Monday, April 8, 2019

Review of "Burke’s Journeys," by Dorothy A. Lund Nelson

Review of
Burke’s Journeys, by Dorothy A. Lund Nelson ISBN 0970127707

Four out of five stars
 Andrew Horace Burke was born in New York City and his mother died during his birth. He was cared for by others in his closest circle while his father was at work, but he was completely orphaned at the age of four. Forced to work at the age of five, his first job was hawking newspapers on the street and in order to increase his sales, he learned to read the major stories so that he could better shout out the contents.
At the age of six, he entered the Randall Island orphanage, where he was given regular meals, furthered his education and was generally well cared for. This was in the 1850’s and there were many farm families out on the frontier of the midwestern states willing to adopt an orphan to help with farm work and be educated and raised.
 The American Civil War broke out when he was 12 and he enlisted in the Union Army as a drummer boy, literally helping lead the troops into battle. Coming down with a serious illness, Andrew was discharged from the Union Army and went back to his family. Ultimately going to what was to become DePauw University, he became a businessman and eventually moved his family to North Dakota. After several successes in business and leadership, Burke was elected governor of North Dakota in 1890. He was defeated in his re-election bid over his very unpopular veto of a bill that would have required the railroads to build grain elevators along the railroad right-of-way. He went on to hold several other leadership positions in later years. Truly starting from a position of extreme disadvantage, Andrew H. Burke demonstrated extraordinary drive and perseverance in becoming governor of what was at the time a fairly new state.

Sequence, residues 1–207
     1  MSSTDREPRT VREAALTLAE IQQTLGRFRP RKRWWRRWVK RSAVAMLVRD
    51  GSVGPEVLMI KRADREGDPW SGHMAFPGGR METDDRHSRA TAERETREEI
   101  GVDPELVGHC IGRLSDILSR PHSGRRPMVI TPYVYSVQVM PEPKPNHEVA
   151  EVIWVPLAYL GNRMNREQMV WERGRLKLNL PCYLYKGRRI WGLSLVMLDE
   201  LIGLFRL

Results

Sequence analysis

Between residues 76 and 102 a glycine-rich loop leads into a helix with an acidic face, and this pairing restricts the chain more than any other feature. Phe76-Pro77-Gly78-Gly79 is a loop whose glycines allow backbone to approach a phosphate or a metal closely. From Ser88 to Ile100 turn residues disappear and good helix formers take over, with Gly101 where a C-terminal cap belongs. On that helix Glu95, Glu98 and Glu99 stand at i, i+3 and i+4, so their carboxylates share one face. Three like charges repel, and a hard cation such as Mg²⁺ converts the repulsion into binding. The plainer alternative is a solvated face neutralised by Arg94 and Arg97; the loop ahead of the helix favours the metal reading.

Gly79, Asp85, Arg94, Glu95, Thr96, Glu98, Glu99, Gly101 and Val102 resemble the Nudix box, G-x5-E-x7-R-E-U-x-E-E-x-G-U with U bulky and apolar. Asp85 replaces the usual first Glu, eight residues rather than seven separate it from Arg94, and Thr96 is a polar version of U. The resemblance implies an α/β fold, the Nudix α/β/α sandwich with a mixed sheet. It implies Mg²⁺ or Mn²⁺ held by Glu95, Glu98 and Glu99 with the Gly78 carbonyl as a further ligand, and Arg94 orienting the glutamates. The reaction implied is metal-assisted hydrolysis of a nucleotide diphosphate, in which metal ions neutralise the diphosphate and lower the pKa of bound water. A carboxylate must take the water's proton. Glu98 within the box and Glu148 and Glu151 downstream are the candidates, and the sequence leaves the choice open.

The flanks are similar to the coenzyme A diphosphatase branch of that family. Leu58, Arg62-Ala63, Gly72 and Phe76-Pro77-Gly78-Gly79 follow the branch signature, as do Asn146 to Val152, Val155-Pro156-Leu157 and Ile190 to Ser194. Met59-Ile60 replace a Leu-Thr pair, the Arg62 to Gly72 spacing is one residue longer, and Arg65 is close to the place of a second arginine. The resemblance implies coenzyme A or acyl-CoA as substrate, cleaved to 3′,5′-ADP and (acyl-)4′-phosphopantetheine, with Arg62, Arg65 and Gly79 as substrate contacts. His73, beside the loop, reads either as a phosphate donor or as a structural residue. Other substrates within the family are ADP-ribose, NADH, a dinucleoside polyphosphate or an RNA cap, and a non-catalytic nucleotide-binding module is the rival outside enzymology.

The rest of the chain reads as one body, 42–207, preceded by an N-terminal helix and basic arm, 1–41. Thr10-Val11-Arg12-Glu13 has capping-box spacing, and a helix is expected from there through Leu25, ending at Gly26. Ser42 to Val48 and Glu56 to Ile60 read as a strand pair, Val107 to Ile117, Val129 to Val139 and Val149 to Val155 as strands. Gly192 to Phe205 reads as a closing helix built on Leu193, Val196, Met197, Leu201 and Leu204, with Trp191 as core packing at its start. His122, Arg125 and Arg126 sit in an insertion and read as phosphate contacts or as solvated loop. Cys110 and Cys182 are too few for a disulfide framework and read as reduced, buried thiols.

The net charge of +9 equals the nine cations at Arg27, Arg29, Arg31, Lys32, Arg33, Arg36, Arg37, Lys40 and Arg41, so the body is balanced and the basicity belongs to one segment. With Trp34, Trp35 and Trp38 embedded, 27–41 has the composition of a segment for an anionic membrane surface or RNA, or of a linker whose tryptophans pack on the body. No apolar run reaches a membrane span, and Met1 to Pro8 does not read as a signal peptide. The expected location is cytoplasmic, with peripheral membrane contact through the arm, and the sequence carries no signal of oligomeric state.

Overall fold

This book is based on the fundamental facts of the life of Andrew Burke, but there is significant poetic license taken when discussing specifics. For example, there are references to specific conversations that are surmise rather than actual recordings of what was said. The style of presentation is on the order of a recitation of facts rather than an embellished description of what was a life filled with significant events and accomplishments. The image of a twelve-year-old boy beating a drum alongside attacking troops with bullets flying and cannons booming is the very definition of bravery.

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